The potentially huge gas reserves in Cypriot waters is a resource that the government, quite rightly, is determined not to squander. “We have adopted an IMF framework built on the Norwegian model which ensures that any natural resource discoveries cover the needs of future generations,” says Andreas Charalambous, director of financial stability at the finance ministry in Nicosia. “Because we want to minimise the debt and climate change challenges that we will leave to future generations, our ability to take advantage of our natural resources today are constrained.”

Gas discoveries are also expected to have significant implications for employment in Cyprus. “The potential for job creation is not just within the industry itself, but in the demand for a wide range of professional services that the industry will need,” says Tsangaridou-Lazarou. “For several years, the government has been offering grants to undergraduates and postgraduates for PhDs in the oil and gas sector. We’re working with companies in the industry to create placements for the graduates who will soon be qualifying.”

The intensified search for gas in Cypriot waters will create substantial opportunities for the local financial services sector. “When the time comes, we will of course be ready to participate in loan syndications in the energy sector,” says Irena Georgiadou, chairwoman of Hellenic Bank. “Although some of the projects may be too big for a bank of our size, the opportunities in the energy sector will not be confined to the big-ticket drilling projects. There will also be opportunities in ancillary services arising from the gas discoveries, which is where I think the Cyprus banking sector will play a leading role.”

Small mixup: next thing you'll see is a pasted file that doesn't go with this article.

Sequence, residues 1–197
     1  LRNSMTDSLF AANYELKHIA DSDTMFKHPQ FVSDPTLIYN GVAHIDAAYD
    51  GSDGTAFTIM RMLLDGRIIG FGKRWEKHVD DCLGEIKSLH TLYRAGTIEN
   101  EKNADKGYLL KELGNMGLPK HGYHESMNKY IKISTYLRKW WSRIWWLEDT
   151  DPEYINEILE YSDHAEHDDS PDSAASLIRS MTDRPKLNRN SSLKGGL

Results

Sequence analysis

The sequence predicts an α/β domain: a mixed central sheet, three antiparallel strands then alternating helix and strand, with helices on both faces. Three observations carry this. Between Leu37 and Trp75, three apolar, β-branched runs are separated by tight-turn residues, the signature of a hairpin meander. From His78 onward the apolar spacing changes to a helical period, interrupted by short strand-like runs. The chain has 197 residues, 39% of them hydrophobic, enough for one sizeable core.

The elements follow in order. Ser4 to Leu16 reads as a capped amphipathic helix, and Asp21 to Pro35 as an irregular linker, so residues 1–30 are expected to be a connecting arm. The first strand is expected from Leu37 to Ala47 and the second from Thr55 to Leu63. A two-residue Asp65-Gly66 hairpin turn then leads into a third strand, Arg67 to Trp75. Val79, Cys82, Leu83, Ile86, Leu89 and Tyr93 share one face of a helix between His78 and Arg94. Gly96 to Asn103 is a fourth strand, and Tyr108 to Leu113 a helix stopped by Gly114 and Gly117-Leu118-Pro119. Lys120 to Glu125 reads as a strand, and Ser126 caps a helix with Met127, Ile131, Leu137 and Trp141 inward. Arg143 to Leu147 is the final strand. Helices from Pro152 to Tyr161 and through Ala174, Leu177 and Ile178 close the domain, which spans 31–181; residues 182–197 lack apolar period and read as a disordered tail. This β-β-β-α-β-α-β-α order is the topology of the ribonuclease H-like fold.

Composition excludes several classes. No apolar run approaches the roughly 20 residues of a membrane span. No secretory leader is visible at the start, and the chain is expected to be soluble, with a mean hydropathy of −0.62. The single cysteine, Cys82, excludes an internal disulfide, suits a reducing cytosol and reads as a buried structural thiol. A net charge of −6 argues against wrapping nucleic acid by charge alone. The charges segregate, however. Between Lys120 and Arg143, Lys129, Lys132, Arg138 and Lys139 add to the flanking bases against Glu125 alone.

The local banking sector, together with international lenders like the EBRD, will also have a key role to play in supporting the financing of projects in the renewables sector, which will have an increasingly important role to play in Cyprus’s energy mix over the coming decade. According to George Papageorgiou, industry extensions officer at the energy, commerce, industry and tourism ministry, the government’s objective is to generate 13% of its gross final energy consumption and 16% of its electricity from renewables by 2020. He adds that Cyprus is already comfortably ahead of this target, with 9.43% of final energy consumption and 9.85% of electricity coming from renewables, chiefly from wind power, in 2015, while solar power is gaining ground rapidly.

Private sector investment is expected to shoulder most of the burden of ensuring that Cyprus meets its clean energy targets. “New projects used to depend on feed-in tariffs, but with reduced capital costs, especially in photovoltaics, there is no longer any need for government support,” says Papageorgiou. “We are now seeing a lot of interest from private investors in renewables, especially in solar power.”

This article is the third part of a series of six pieces on Cyprus’s economy in the run-up to the 2017 EBRD Annual Meetings in Nicosia.

Click here for part one – Cypriot economy surprises on the upside February 22, 2017

Click here for part two – Cyprus — building bridges, not walls March 7, 2017

Click here for part four - Cyprus eyes golden future for tourism industry April 10 2017

Click here for part fiveAccelerating the recovery in Cyprus’s banking sector March 19 2017



Click here for part six – Cyprus focuses on new FDI push May 2 2017





  • By GlobalMarkets
  • 27 Mar 2017